'The Last New Yorker' is a Downer


Regrettably, there are not many interesting films to see at this time. Since I write two movie reviews for publication each week, I decided to see The Last New Yorker after reading Stephen Holden's review in The New York Times. He wasn't precise in describing the story line, but his comments about the film providing a tour of Manhattan's sites from the view of a lonely, elderly, near down-and-out man, intrigued me.

Lenny (Dominic Chianese) is in his late 70's or early 80's. He has one close friend, Ruben (Dick Latessa), who behaves like a puppy in his presence. Ruben is married to a woman we never meet. A sort of romance takes place between Lenny and Mimi (Kathleen Chalfant). Throughout the film, the seniors' self-esteem falls even lower, and they seek to escape their unsatisfying lives. Lenny nooses himself, but is diverted by a phone call.

I thought the dialogue between the parties was inadequate, the script preposterous, and the attempt to visually capture the uniqueness of New York City a failure. Chianese was superb in his role as Uncle Junior in the HBO series The Sopranos, but he's not as marvelous in this film portraying a relatively honest New Yorker who, at the end of his life, thinks he can pull off a Ponzi scheme.

I first saw Kathleen Chalfant perform in her one-woman, off-Broadway show, "Wit," in which she portrayed Vivian Bearing, a woman dying of cancer. I never forgot that performance. She was just as wonderful and elegant in this film as she was in that play.

I saw The Last New Yorker at the Quad Cinema, located at 34 West 13th Street. The audience cheered when the picture ended. When a couple asked me what I thought of the film as I was leaving the theater, I said, "I'm not there yet. I have to think about it." The man replied, "That's the way we feel, and we are relatives." Then I understood why there was so much applause. The theater was probably filled with relatives of the director, writer, and actors who spoke after the performance.

HS said: "This is a buddy movie about an odd couple of men who are old, poor and lonely, except for each other. The pair attempt to escape to a better life, one through a hopeless romance, the other through both of them leaving New York. Although intermittently interesting because of the city scenes, the picture is a downer. Those of us who are not already old will grow old if we are fortunate. The movie is not terrible by any means. Kathleen Chalfant is particularly good. It was enjoyable to see Uncle Junior, who by the way is a graduate of City College, in a more demanding role. In the end, I started to feel sorry for the film, but that is not what most people pay $12.50 for, not counting popcorn".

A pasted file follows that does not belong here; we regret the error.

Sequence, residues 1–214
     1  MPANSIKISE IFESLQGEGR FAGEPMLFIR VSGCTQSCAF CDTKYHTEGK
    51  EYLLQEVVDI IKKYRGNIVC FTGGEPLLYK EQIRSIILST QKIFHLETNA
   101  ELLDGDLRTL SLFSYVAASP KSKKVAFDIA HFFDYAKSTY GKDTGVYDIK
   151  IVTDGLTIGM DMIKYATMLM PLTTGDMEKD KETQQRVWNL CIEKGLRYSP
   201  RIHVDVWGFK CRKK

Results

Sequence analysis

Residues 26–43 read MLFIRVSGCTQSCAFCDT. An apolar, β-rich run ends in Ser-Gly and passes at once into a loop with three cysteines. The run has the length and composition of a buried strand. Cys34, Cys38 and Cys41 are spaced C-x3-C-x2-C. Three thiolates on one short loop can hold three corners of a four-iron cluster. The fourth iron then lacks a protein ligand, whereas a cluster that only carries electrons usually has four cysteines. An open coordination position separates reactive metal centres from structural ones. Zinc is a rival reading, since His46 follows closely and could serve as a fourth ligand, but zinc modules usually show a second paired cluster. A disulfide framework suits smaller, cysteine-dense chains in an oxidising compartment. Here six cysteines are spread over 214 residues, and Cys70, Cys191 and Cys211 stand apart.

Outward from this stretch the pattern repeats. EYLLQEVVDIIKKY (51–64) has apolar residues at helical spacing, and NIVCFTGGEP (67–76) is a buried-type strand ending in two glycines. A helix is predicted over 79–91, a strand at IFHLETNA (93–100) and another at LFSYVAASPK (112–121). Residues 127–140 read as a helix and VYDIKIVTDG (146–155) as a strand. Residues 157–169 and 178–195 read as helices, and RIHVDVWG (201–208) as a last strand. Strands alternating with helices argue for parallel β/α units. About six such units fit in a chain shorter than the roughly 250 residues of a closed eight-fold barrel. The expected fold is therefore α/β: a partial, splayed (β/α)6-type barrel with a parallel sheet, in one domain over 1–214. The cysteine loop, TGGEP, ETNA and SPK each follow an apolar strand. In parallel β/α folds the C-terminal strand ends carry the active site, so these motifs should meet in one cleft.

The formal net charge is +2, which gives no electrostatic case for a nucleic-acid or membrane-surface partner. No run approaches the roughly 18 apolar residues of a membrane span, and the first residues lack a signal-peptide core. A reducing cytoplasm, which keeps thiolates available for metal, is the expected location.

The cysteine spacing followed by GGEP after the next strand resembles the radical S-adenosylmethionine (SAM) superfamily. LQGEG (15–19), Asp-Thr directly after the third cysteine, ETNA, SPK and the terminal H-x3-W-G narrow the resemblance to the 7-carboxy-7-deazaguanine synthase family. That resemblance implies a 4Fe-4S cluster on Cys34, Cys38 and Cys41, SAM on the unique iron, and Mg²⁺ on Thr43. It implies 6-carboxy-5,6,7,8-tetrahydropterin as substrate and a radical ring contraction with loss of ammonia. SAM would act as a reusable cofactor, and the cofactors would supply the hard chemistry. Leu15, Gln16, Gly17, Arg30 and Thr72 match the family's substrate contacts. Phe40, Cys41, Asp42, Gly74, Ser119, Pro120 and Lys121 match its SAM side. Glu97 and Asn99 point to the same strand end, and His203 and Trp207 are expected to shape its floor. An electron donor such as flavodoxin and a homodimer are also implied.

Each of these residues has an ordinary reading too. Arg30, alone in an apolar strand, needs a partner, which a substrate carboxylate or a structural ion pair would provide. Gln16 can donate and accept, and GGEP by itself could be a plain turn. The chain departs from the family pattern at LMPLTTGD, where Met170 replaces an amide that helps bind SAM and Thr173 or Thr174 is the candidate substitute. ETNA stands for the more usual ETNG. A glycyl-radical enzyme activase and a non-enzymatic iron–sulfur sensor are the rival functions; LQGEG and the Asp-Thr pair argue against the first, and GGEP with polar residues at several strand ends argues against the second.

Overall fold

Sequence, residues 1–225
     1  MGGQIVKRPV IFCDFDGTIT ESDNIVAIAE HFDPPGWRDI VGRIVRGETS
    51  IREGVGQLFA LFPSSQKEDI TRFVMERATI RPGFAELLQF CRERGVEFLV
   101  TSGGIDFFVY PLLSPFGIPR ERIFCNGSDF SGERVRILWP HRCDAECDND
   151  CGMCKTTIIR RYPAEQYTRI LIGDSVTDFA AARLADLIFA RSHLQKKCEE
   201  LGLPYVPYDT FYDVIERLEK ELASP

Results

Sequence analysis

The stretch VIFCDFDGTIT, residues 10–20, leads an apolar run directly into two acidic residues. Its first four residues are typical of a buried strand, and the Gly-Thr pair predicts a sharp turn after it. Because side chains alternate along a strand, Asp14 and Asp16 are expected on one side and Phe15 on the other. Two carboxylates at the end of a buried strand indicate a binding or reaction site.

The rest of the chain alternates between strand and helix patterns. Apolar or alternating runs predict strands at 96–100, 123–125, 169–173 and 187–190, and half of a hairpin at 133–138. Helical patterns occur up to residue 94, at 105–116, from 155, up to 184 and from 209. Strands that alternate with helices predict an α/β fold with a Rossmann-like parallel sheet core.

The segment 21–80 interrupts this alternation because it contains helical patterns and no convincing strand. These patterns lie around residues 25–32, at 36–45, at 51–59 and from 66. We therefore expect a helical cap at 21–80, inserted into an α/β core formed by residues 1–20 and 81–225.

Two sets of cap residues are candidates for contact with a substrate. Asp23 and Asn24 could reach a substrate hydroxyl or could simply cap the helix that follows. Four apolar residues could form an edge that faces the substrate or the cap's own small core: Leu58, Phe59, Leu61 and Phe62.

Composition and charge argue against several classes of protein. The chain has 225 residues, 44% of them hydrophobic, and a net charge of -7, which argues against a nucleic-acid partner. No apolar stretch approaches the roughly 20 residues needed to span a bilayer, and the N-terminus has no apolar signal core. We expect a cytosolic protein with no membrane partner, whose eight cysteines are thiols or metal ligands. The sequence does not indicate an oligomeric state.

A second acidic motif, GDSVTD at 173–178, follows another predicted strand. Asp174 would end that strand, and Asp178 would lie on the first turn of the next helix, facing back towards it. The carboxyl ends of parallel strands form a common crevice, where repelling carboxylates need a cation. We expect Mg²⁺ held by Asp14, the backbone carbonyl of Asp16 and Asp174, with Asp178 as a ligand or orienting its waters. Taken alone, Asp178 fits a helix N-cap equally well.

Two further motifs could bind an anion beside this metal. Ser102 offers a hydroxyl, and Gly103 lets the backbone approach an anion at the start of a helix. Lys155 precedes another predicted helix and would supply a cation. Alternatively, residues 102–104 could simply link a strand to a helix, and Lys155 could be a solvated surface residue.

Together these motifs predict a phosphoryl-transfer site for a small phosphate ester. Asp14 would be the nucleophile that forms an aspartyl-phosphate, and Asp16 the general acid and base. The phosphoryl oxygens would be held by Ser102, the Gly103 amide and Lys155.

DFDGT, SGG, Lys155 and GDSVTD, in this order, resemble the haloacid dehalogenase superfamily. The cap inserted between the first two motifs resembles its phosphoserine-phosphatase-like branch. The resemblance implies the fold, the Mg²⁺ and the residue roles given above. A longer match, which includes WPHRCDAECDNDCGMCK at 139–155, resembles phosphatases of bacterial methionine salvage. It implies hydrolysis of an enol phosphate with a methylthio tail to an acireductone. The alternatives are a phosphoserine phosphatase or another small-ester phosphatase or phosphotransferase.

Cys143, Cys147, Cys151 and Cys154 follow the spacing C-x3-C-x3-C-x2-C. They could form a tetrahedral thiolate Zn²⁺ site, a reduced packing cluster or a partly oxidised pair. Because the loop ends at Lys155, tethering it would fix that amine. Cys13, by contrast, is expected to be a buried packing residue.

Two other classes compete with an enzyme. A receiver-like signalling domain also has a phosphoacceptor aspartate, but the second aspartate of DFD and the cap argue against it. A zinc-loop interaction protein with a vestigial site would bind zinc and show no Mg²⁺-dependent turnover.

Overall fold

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Ed Koch was mayor of NYC from 1978 to 1989. He's credited with restoring fiscal stability to the city and creating affordable housing. He's also a film buff. More

Mayor Koch saved New York City from bankruptcy and restored the pride of New Yorkers during his three terms as mayor from 1978-1989. He restored fiscal stability by placing the city on a GAAP (Generally Accepted Accounting Practices) balanced budget. He created a housing program that provided more than 150,000 units of affordable housing and created New York City's first merit judicial selection system. Prior to being mayor, Mr. Koch served for nine years as a congressman and two years as a member of the New York City Council. He attended City College of New York from 1941 to 1943. He was drafted into the Army his last year of college and served with the 104th Infantry Division. He received two battle stars and was honorably discharged with the rank of Sergeant in 1946. He received his LL.B. degree from the New York University School of Law in 1948 and began to practice law immediately thereafter. He is currently a partner in the law firm of Bryan Cave LLP and hosts a call-in radio program on Bloomberg AM 1130 (WBBR). Mr. Koch appears weekly on NY1 television and is the author of ten autobiographical books.

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